Naandi which in Sanskrit (Indian tongue) means a new beginning; is one of the largest and fastest growing social sector organisations in India working in three sectors: Child rights, safe drinking water and sustainable livelihoods. Livelihoods Fund decided to carry out an extensive program of reforestation (Planting fruit trees) with Naandi foundation. Last year 700 ha has been planted, 2000 will be in 2011.
Through these few words Manoj Kumar, the CEO of Naandi foundation is talking about the capacity of his organisation to carry out this program with the local population which goes far beyond planting fruit trees.
What are the characteristics of the Araku Valley and the people who live there ?
Manoj Kumar: This 4000 feet above sea level place is the less discovered ‘Eastern Ghats’ hill range of India which is a government protected ‘tribal area’ where 100 percent population is indigenous adivasis (first inhabitants). Since no outsider can buy property, the nearly 200 sqkm region is still pristine, unspoiled with no factory or signs of industrialization. Given this, the inhabitant communities still survive on a subsistence agro forestry economy with no formal linkages to outside world (markets). Dependent on government doles these communities are beginning to lose faith in nature despite predominantly remaining animists. To conserve forest, revive the soil and ecosystem and create sustained livelihoods Araku deserved support from the Global Livelihoods Fund.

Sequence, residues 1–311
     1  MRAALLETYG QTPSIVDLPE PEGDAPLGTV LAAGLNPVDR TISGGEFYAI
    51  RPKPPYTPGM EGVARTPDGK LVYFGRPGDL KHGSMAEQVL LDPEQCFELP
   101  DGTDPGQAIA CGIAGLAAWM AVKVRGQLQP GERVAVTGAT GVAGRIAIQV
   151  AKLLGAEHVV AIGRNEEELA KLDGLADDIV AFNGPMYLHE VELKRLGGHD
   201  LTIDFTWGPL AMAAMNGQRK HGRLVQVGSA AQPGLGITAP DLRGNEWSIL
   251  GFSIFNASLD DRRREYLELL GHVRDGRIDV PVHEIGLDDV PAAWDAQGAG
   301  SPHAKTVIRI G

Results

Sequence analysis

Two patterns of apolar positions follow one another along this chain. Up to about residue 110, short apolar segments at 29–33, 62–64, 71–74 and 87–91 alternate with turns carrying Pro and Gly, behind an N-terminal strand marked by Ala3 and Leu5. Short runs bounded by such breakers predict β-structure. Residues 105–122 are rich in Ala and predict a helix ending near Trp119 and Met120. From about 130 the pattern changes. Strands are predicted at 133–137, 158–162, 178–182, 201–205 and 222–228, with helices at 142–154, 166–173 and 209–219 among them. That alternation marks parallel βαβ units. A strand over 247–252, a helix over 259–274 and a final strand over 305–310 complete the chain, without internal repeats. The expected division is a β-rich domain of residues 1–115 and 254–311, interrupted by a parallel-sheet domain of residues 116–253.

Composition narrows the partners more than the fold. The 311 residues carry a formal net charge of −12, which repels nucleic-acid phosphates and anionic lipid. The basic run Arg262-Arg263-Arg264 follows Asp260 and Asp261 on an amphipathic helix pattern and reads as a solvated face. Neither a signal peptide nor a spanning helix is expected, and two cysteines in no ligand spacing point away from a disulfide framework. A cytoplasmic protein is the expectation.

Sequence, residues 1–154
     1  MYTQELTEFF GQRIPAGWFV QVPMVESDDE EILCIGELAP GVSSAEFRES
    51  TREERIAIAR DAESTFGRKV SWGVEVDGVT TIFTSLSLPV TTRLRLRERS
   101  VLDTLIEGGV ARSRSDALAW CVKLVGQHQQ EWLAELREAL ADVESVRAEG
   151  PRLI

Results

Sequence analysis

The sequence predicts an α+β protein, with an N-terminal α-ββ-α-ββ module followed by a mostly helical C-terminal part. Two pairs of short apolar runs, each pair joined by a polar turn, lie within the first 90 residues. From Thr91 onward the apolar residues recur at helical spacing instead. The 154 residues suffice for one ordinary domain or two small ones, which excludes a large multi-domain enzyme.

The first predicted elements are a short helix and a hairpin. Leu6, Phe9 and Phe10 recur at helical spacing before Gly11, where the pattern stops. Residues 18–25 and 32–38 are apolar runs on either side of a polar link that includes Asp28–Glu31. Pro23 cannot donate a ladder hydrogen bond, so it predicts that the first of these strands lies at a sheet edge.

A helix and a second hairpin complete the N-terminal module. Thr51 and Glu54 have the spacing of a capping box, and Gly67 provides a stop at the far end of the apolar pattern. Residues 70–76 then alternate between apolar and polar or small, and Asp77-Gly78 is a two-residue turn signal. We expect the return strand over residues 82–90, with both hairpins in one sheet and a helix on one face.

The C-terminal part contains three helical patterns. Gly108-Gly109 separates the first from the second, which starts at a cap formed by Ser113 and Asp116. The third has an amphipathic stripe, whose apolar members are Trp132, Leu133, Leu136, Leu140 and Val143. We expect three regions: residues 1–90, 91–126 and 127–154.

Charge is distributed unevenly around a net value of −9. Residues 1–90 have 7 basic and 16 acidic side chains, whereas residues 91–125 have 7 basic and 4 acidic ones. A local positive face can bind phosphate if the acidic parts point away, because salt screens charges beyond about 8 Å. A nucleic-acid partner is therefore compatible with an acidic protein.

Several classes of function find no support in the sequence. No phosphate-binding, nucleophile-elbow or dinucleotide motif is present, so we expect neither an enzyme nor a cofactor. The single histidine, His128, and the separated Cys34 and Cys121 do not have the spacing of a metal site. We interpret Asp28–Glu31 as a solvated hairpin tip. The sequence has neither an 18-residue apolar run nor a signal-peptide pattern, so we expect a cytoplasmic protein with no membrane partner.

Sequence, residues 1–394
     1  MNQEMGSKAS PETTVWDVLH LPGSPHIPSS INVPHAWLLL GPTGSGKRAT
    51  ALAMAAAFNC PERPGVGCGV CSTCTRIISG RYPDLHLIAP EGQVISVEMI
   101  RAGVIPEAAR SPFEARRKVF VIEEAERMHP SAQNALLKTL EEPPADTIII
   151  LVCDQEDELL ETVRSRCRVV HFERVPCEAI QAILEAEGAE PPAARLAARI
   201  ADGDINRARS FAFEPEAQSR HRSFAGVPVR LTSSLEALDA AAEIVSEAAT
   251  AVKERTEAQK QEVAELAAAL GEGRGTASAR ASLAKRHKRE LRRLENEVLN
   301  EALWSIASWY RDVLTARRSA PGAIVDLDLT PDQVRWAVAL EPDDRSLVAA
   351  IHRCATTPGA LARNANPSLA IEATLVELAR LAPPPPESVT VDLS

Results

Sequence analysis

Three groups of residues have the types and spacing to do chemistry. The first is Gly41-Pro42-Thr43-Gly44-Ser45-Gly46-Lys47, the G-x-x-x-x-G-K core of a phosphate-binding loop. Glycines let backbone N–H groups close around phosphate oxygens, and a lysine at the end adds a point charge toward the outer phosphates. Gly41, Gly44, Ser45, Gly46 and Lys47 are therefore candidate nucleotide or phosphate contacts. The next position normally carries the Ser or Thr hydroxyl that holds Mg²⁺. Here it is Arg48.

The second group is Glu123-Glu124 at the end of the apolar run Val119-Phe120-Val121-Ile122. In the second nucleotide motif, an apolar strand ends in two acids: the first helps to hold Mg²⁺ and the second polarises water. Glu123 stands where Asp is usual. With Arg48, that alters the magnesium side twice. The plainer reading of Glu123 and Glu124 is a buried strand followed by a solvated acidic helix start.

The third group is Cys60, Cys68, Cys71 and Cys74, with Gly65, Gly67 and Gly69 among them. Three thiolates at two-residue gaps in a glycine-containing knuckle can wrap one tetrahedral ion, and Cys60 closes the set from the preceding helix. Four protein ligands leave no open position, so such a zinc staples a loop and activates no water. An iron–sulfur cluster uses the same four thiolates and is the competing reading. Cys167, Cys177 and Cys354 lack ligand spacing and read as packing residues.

What are the strengths of the Naandi organisation to make this complex project a real success?
Manoj: Naandi with its excellent human capital at its top and a very connected team recruited from the local communities has already a credible, proven track record of successful implementation of large scale programs in diverse regions of India. They have been working with the communities in Araku for the past ten years and have a very strong bonding built on trust, mutual respect and measured success for the communities. This was an ideal partner to serve as ‘fund managers’ who can facilitate the realization of the livelihood goals.
What is the «secret» of such a community mobilisation ?
Manoj: By a very interactive, participatory and engaged approach, Naandi has made the communities to embrace the large scale horticulture as a new way of life rather than a mere program. The fact that scores of local youth have become agro-forestry entrepreneurs by creating nurseries for supplying thousands of saplings to the farmers is a testimonial for this. Naandi and David Hogg is beginning to make Horticulture ‘cool and sexy’ and thereby deepen the ‘culture’ to the next generation and beyond.
It seems that the Araku project goes much beyond the plantation of fruit trees ?
Manoj: With no dams or irrigation systems, the gradually eroding rain fed topography is being revived, restored and converted into a sustainable ecosystem through this six million tree plantation drive.
Lastly, these private farmer lands are now looked after by the whole family as a tradition and not as a mere wage giving activity. But the interconnectivity across the villages have made them feel as a wholesome big family of farmers who can reap the economies of scale!
Thanks again for choosing us as partners in your livelihoods dream.